Posted tagged ‘policy’

How to check if all Hudson jobs have a timeout?

11. Juli 2010

At Apaches Hudson installation I have sometimes seen the situation where too many builds are stuck and therefore blocking the executors. And sadly for me – the executors my own jobs require …

Having a policy to use the „build timeout plugin“ and kill jobs which are running too long (thinking more of „not running any more“ 😉 is good. But having a program which checks this is better …

So I tried a little bit Groovy’in for the Groovy console:

hudsonInstance = hudson.model.Hudson.instance
allItems = hudsonInstance.items
activeJobs = allItems.findAll{job -> job.isBuildable()}
wrappableJobs = activeJobs.findAll{job -> job instanceof hudson.model.BuildableItemWithBuildWrappers}

jobsWithoutTimeout = wrappableJobs.findAll { job ->
 job.getBuildWrappersList().findAll{it instanceof hudson.plugins.build_timeout.BuildTimeoutWrapper }[0] == null
}

println "There are $jobsWithoutTimeout.size jobs without timeout:"
jobsWithoutTimeout.each { println "- $it.name" }

x = ""

In line 1 we get the reference to the Hudson singleton. Then we get the list of all item in line 2 which we filter in line 3 to get only buildable items, like our jobs. The line 4 contains the first thing special to this requirement: the item must be able to have a BuildWrapper.

But the most thing is done in line 5 which filters again with a closure: get all BuildWrappers for the job, but only if it is our TimeOut-Plugin. Because it can be registered only once, I check the first element of that list. It must be null for being a problem. Otherwise the job has a timeout setting.

After that, the last two lines are simply out … and the last line supresses the result output in the console.

Update:

Antoine Tulme had consulted Kohsuke Kawaguchi and he sees three possibilities of forcing the timeout setting:

  1. We cannot make the timeout field mandatory.
  2. We can create a plugin that presets the timeout field.
  3. We can iterate over the projects and set a value for the timeouts en masse.

Good, so I evaluate my „iteration solution“ a little more.

We have a list of all jobs without settings and so we only have to iterate over this list, instantiate and initialize the BuildTimeoutWrapper and add it to the jobs wrapper-list:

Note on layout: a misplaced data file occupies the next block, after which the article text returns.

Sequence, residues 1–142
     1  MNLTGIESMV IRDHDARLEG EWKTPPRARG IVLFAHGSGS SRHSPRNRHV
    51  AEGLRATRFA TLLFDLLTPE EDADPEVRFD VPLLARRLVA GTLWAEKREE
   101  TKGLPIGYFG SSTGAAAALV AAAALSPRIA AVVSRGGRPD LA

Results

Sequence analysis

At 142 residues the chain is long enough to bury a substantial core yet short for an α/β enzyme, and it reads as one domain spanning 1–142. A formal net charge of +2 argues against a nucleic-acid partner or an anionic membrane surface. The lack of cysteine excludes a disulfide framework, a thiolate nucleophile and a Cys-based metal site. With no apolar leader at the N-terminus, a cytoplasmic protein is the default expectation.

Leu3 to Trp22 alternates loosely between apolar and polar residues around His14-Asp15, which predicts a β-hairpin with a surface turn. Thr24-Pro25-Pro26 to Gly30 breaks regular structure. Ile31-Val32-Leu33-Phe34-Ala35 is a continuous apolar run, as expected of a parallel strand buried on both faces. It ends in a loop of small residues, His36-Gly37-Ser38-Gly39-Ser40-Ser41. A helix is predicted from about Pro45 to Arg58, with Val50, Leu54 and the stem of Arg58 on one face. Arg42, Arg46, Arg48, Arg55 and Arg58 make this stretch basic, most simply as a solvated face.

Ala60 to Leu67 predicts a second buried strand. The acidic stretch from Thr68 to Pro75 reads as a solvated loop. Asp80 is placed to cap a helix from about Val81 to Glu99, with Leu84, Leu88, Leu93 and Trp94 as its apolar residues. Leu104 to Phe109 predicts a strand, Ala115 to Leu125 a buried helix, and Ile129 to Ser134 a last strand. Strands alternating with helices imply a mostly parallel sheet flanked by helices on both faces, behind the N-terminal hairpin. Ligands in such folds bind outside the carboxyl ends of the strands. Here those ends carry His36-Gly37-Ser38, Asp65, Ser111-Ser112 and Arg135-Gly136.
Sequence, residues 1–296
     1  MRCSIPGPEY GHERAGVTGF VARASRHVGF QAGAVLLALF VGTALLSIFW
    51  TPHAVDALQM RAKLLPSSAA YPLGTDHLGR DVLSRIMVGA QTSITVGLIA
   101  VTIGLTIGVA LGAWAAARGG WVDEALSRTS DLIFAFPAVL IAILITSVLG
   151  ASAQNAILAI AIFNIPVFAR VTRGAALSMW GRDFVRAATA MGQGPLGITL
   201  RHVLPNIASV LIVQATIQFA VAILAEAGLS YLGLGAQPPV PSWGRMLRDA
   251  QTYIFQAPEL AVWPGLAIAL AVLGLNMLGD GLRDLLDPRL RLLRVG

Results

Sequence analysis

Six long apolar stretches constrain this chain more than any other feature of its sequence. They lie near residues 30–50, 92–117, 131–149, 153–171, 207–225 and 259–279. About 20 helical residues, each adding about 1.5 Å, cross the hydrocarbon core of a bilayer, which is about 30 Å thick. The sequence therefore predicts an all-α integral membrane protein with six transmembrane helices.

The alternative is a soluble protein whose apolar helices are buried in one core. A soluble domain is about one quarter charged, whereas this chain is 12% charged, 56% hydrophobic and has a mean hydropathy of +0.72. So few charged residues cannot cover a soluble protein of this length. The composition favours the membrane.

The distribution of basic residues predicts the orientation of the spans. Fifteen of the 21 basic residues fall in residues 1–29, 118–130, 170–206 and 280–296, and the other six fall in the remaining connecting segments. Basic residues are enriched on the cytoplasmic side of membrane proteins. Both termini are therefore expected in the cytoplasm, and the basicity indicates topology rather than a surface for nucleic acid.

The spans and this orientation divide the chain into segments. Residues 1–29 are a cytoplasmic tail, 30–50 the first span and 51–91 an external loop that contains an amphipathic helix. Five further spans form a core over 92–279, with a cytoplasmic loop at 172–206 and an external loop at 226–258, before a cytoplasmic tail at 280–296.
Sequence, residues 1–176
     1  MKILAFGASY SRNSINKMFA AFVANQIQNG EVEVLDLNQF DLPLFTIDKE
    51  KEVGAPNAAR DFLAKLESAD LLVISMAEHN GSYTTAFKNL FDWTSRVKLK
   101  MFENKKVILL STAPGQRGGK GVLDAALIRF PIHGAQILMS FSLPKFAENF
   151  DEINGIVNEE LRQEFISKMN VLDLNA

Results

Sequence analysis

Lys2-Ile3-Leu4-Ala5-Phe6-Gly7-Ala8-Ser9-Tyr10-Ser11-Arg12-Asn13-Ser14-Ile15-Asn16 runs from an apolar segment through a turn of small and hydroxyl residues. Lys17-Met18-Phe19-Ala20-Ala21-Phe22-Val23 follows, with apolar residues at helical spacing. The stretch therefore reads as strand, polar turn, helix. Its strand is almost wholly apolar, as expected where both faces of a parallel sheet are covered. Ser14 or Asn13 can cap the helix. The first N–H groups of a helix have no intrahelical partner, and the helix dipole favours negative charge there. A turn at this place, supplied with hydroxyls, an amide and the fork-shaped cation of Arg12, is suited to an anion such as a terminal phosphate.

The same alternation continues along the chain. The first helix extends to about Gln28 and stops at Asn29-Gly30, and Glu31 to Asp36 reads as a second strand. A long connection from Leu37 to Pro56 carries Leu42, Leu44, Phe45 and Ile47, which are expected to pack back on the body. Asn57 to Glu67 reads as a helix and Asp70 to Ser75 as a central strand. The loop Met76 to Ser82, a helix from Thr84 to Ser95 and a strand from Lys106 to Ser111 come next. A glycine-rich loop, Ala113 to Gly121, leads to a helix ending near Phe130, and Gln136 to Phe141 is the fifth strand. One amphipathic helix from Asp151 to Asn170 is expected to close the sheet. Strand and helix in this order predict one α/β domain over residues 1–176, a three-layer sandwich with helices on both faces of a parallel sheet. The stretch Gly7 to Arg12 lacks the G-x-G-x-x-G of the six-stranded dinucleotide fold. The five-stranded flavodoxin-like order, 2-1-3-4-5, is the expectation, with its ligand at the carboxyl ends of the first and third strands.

jobsWithoutTimeout.each { job ->
 defaultTimeout = 180
 defaultFailBuild = false
 plugin = new hudson.plugins.build_timeout.BuildTimeoutWrapper(defaultTimeout, defaultFailBuild)
 job.getBuildWrappersList().add(plugin)
}

BTW – If you want to work with a plugin, you could start with the Create Job Advances Plugin – maybe this requires code enhancement … and it will only for future jobs, not for existing one.

Update:

The last update of the script for setting the timeout value is this:


hudsonInstance = hudson.model.Hudson.instance
allItems = hudsonInstance.items
activeJobs = allItems.findAll{job -> job.isBuildable()}
defaultFailBuild = true

println "Cur   |  Est  | Name"
activeJobs.each { job ->
 // Get the Timeout-PlugIn
 wrapper = job.getBuildWrappersList().findAll{it instanceof hudson.plugins.build_timeout.BuildTimeoutWrapper }[0]

 // Get the current Timeout, if any
 currentTimeout = (wrapper != null) ? wrapper.timeoutMinutes : ""

 // Calculate a new timeout with a min-value
 defaultTimeout = Math.round(job.estimatedDuration * 2 / 1000 / 60)
 if (defaultTimeout < 10) defaultTimeout = 10

 // Update the timeout, maybe requires instantiation
 action = (wrapper != null) ? "updated" : "established"
 if (wrapper == null) {
 plugin = new hudson.plugins.build_timeout.BuildTimeoutWrapper(defaultTimeout, defaultFailBuild)
 job.getBuildWrappersList().add(plugin)
 } else {
 wrapper.timeoutMinutes = defaultTimeout
 }

 // String preparation for table output
 String defaultTimeoutStr = defaultTimeout
 defaultTimeoutStr = defaultTimeoutStr.padLeft(5)
 String currentTimeoutStr = currentTimeout
 currentTimeoutStr = currentTimeoutStr.padLeft(5)
 String jobname = job.name.padRight(40)

 // Table output
 println "$currentTimeoutStr | $defaultTimeoutStr | $jobname | $action "
}

x = ""

This updates all timeout settings and reports this like here:

Report of Timout-Setter